In the comics, the cosmically powerful Anti-Monitor sets about to destroy the multiverse. He’s countered by his opposite and "brother," the Monitor, as well as the various heroes of the many Earths. It’s the Anti-Monitor who kills Supergirl, and has Barry Allen tortured by Psycho-Pirate (after the Flash’s return from the 30th century to warn everyone of the collapse of space-time). Eventually, the Flash breaks free and is able to destroy the Anti-Monitor’s weapons, but dies himself in the process. While his absence couldn’t last as long as it did in the comics, it’d be heart-wrenching to see Barry sacrifice himself as the Arrowverse was reset.

2 Wally West Becoming The Flash

Wally West as Kid Flash on TV and the Flash in the Comics

Of course, in the 20+ years that Barry Allen was absent, DC didn’t let the Flash name die. Wally West, the former Kid Flash, assumed the mantle of his mentor and became the Fastest Man Alive for an entire generation. In fact, it’s the Wally West Flash who was used for the Justice League animated series, as Barry was still dead in the comics. Though Wally is too inexperienced so far in the CW show to take over for Barry, he may just be up to it by the time Crisis roles around.

We’ve already seen Wally as the Flash in the Flashpoint universe, but it’d be great to see him take on the Flash’s suit and name in the proper universe. The producers of the Arrowverse have always been good about at least paying lip service to the comics, so if Crisis ever unfolds, there will be at least some version of Wally becoming Flash. Still, we’d love for him to full-on take over the mantle for at least a season. The Flash has been known to burn through story, so it’d be nice to see them at least mimic the comics and take some time exploring Barry’s absence and Wally’s role as the main Flash.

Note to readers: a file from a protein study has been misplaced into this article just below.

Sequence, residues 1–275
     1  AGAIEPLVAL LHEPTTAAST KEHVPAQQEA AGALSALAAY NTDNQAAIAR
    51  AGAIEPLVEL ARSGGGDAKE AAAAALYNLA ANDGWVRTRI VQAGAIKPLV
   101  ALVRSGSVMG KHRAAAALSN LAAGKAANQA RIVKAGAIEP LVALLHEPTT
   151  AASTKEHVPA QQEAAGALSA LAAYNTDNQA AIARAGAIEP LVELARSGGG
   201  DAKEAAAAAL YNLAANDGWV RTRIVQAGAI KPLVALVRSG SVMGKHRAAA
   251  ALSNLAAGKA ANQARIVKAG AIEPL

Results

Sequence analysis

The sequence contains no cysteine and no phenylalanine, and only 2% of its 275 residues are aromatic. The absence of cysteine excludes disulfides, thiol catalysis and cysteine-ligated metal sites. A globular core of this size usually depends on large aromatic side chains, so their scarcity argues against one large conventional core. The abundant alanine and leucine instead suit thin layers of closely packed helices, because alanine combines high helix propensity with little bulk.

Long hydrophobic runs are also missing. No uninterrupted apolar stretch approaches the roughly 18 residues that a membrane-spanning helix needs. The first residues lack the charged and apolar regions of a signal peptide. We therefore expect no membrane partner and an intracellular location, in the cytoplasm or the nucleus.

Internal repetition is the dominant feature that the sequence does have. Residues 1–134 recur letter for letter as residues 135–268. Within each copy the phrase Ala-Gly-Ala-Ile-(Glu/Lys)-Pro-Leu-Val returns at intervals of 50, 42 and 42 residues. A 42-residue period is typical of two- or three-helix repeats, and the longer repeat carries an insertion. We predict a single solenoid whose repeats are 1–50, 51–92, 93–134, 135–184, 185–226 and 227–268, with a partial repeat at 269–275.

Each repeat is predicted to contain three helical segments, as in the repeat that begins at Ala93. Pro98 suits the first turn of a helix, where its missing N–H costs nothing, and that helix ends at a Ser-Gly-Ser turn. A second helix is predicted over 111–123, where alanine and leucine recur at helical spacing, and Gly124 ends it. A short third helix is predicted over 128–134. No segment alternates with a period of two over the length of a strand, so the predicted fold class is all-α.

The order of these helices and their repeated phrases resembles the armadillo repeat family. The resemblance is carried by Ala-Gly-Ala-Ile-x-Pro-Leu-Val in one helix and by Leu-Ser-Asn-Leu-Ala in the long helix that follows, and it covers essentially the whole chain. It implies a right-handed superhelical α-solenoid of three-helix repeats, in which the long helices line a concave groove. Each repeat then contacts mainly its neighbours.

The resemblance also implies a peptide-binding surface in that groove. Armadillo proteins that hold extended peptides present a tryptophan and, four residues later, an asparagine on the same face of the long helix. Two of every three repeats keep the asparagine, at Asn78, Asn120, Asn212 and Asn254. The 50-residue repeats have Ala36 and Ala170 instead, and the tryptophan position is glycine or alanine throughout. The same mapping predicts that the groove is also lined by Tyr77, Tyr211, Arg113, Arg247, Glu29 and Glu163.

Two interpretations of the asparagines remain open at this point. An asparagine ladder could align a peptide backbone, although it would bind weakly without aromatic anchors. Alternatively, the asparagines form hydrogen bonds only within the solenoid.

1 The Founding of the Justice League

Justice League by Alex Ross

To be fair, the Justice League forming on TV isn’t something we just want to see happen on the Flash. Though Supergirl and Green Arrow aren’t usually depicted as being part of the original Justice League, we’d be more than happy seeing the heroes we have so far in the Arrowverse create the team. Thanks to the recent crossover, we already know the Hall of Justice exists, as the crew used the conspicuously designed Ferris Air hangar in their team-up versus the Dominators. If the Last Children of Krypton are brought into the main Arrowverse dimension, all we need is a few more founders to pop up on TV.

We’ve already pitched the idea of Green Lantern, and Bruce Wayne has been teased a fair few times as well. Add in Superman, Flash, Green Arrow, Martian Manhunter, Supergirl, and maybe even one or two Legends, and we’ve got a pretty solid Justice League.

In fact, we know Atlantis exists on Earth 2, so perhaps a merger of universes could even bring Aquaman over. Kara could sub in for Wonder Woman, or the CW could just straight up introduce a new Wonder Woman to the small screen. The possibilities are endless and many of the seeds have already been planted. Whether it happens next season or ten seasons from now, we just hope the Arrowverse one day makes the Justice League a reality.


What things from the comics do you want to see on The Flash? Let us know in the comments.

The Flash airs Tuesdays @ 8 p.m. on The CW.